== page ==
Building Gallipoli – the install

In this Gallipoli: The scale of our war blog, Weta Workshop’s Rob Murphy talks about overseeing the installation of the exhibition.

Rob Murphy working on the large scale figure of Sergeant Cecil Malthus. Photo by Weta Workshop.

Rob Murphy working on the large scale figure of Sergeant Cecil Malthus. Photo by Weta Workshop.

I’d only been working at Weta Workshop for about eight weeks when the first pieces of the Gallipoli exhibition started to hit the floor and work their way into the woodworking department.

I still remember looking over the plans for the first time but I don’t think that at that point I had grasped the scale of work that we were about to undertake.

Map of exhibition layout. Photo credit: Te Papa and Weta Workshop

Map of exhibition layout. Photo credit: Te Papa and Weta Workshop.

From building the activity station, to putting the final touches on the Maheno hospital ship, I was beginning to get my hands on bits and pieces of the project.

Visitors explore the daily life activity station in the exhibition. Photo by Norm Heke, Te Papa.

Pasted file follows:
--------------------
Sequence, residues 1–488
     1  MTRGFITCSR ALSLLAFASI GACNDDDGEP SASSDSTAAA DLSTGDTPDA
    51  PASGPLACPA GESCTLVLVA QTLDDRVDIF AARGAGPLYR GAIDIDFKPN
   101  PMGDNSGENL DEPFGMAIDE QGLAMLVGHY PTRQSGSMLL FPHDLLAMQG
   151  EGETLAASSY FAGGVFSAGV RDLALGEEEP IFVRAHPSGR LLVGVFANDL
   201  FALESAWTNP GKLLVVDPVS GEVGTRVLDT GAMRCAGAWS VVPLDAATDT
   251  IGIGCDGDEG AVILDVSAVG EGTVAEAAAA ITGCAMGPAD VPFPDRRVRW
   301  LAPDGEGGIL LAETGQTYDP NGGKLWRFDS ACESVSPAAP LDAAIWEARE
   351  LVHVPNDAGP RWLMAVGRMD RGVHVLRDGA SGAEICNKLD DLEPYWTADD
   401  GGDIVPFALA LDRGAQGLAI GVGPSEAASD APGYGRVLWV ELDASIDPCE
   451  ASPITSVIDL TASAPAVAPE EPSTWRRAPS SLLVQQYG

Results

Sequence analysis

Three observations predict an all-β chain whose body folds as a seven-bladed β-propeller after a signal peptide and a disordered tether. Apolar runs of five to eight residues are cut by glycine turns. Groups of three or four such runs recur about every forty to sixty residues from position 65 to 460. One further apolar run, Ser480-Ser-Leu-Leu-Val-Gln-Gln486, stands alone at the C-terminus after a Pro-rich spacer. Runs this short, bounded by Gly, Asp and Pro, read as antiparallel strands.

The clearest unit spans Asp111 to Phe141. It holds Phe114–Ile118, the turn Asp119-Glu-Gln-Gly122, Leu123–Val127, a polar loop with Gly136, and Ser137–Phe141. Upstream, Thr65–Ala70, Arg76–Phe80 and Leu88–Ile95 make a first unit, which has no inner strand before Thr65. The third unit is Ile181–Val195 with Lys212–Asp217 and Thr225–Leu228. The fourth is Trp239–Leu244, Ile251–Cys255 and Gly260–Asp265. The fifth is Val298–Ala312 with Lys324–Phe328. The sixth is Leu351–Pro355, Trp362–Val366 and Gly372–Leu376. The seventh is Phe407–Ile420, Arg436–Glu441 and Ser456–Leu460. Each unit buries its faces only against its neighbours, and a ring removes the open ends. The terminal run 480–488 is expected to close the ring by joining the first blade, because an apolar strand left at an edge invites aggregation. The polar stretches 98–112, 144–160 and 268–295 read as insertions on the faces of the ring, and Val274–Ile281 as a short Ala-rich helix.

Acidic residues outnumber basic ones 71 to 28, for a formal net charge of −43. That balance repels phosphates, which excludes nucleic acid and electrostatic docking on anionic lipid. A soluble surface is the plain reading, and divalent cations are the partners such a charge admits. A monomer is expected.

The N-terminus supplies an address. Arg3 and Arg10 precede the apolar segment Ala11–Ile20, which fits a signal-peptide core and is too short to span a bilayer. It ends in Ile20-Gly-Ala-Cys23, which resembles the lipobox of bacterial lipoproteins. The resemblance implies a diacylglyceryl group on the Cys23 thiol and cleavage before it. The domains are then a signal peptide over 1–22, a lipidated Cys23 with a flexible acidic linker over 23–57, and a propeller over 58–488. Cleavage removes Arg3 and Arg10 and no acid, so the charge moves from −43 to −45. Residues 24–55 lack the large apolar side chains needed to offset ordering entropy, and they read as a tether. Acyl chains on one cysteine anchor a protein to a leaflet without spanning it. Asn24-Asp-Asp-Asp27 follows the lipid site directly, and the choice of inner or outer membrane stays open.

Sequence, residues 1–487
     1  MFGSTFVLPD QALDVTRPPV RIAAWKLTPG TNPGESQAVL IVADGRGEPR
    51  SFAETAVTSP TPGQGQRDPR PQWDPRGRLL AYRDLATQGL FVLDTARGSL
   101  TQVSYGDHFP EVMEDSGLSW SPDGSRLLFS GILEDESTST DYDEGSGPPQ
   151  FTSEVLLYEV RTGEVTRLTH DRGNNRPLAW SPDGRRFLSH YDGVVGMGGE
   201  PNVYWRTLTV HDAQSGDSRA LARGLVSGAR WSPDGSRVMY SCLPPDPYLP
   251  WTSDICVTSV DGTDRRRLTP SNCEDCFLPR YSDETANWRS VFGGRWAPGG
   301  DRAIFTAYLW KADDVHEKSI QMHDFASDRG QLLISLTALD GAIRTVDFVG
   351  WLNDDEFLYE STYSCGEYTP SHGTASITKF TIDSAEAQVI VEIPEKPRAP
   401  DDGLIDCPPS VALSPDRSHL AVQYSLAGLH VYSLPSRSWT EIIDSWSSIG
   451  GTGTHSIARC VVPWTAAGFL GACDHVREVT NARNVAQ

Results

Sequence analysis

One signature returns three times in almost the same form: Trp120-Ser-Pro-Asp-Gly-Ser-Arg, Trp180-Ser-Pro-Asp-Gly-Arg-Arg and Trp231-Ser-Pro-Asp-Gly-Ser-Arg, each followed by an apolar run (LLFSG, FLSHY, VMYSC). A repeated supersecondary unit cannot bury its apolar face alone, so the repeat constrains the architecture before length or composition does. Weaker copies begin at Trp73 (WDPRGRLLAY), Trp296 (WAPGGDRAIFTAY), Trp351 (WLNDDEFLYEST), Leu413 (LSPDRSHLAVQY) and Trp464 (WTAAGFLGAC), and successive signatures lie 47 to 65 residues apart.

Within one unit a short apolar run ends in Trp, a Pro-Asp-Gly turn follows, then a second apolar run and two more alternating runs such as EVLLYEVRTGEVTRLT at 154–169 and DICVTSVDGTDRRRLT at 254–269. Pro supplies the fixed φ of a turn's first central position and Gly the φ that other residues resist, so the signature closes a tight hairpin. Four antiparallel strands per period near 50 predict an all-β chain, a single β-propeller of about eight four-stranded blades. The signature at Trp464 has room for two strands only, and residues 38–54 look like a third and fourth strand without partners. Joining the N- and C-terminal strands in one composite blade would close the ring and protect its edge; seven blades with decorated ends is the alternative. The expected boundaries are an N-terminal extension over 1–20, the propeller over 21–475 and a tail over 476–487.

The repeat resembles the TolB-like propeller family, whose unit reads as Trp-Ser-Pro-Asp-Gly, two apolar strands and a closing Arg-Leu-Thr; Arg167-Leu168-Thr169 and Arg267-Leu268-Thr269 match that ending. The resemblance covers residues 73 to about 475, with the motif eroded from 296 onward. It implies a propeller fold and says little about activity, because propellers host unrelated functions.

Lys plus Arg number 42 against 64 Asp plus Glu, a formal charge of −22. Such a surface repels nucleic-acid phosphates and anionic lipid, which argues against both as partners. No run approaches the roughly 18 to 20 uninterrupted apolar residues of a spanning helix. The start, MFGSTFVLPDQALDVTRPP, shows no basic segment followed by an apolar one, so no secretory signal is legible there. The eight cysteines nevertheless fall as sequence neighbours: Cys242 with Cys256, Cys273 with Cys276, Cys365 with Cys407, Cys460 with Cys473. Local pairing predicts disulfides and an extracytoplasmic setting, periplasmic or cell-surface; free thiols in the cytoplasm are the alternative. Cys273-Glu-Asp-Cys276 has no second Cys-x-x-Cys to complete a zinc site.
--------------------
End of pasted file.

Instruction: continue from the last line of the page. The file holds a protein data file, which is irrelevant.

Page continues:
Visitors explore the ‘daily life’ activity station in the exhibition. Photo by Norm Heke, Te Papa.

A visitor looks at the cut-through model of the Maheno hospital ship. Photo by Michael Hall, Te Papa.

A visitor looks at the cut-through model of the Maheno hospital ship. Photo by Michael Hall, Te Papa.

It was only when I began to see other elements of the exhibition moving through the workshop that I truly realised how extraordinary this project was and how it was a once in a lifetime opportunity, so I volunteered to head up the install team.

I’ll admit, at times the install was a challenge, what had taken nine months to construct on the workshop floor had to be installed at Te Papa in just six-weeks.

 The large scale uniforms. Photo credit: Weta Workshop.


The large scale uniforms. Photo by Weta Workshop.

The fibreglass bodies of the large scale sculptures. Photo by Weta Workshop.

The fibreglass bodies of the large scale sculptures. Photo by Weta Workshop.

With approximately 2000 individual elements to be deconstructed at the workshop, carefully packaged, transported and then re-constructed on site, we knew it would be an enormous task.

The large scale model of Sergeant Cecil Malthus nearing completion. Photo credit Weta Workshop.

The large scale model of Sergeant Cecil Malthus nearing completion. Photo credit Weta Workshop.

It’s now amazing to see all of the 2000 individually crafted pieces become together in one extraordinary exhibition and even though I’ve been close to it, I’m still moved by the beauty and the emotionality of the story that we’ve helped create.

You can find out more about the exhibition at www.gallipoli.tepapa.govt.nz

 

 

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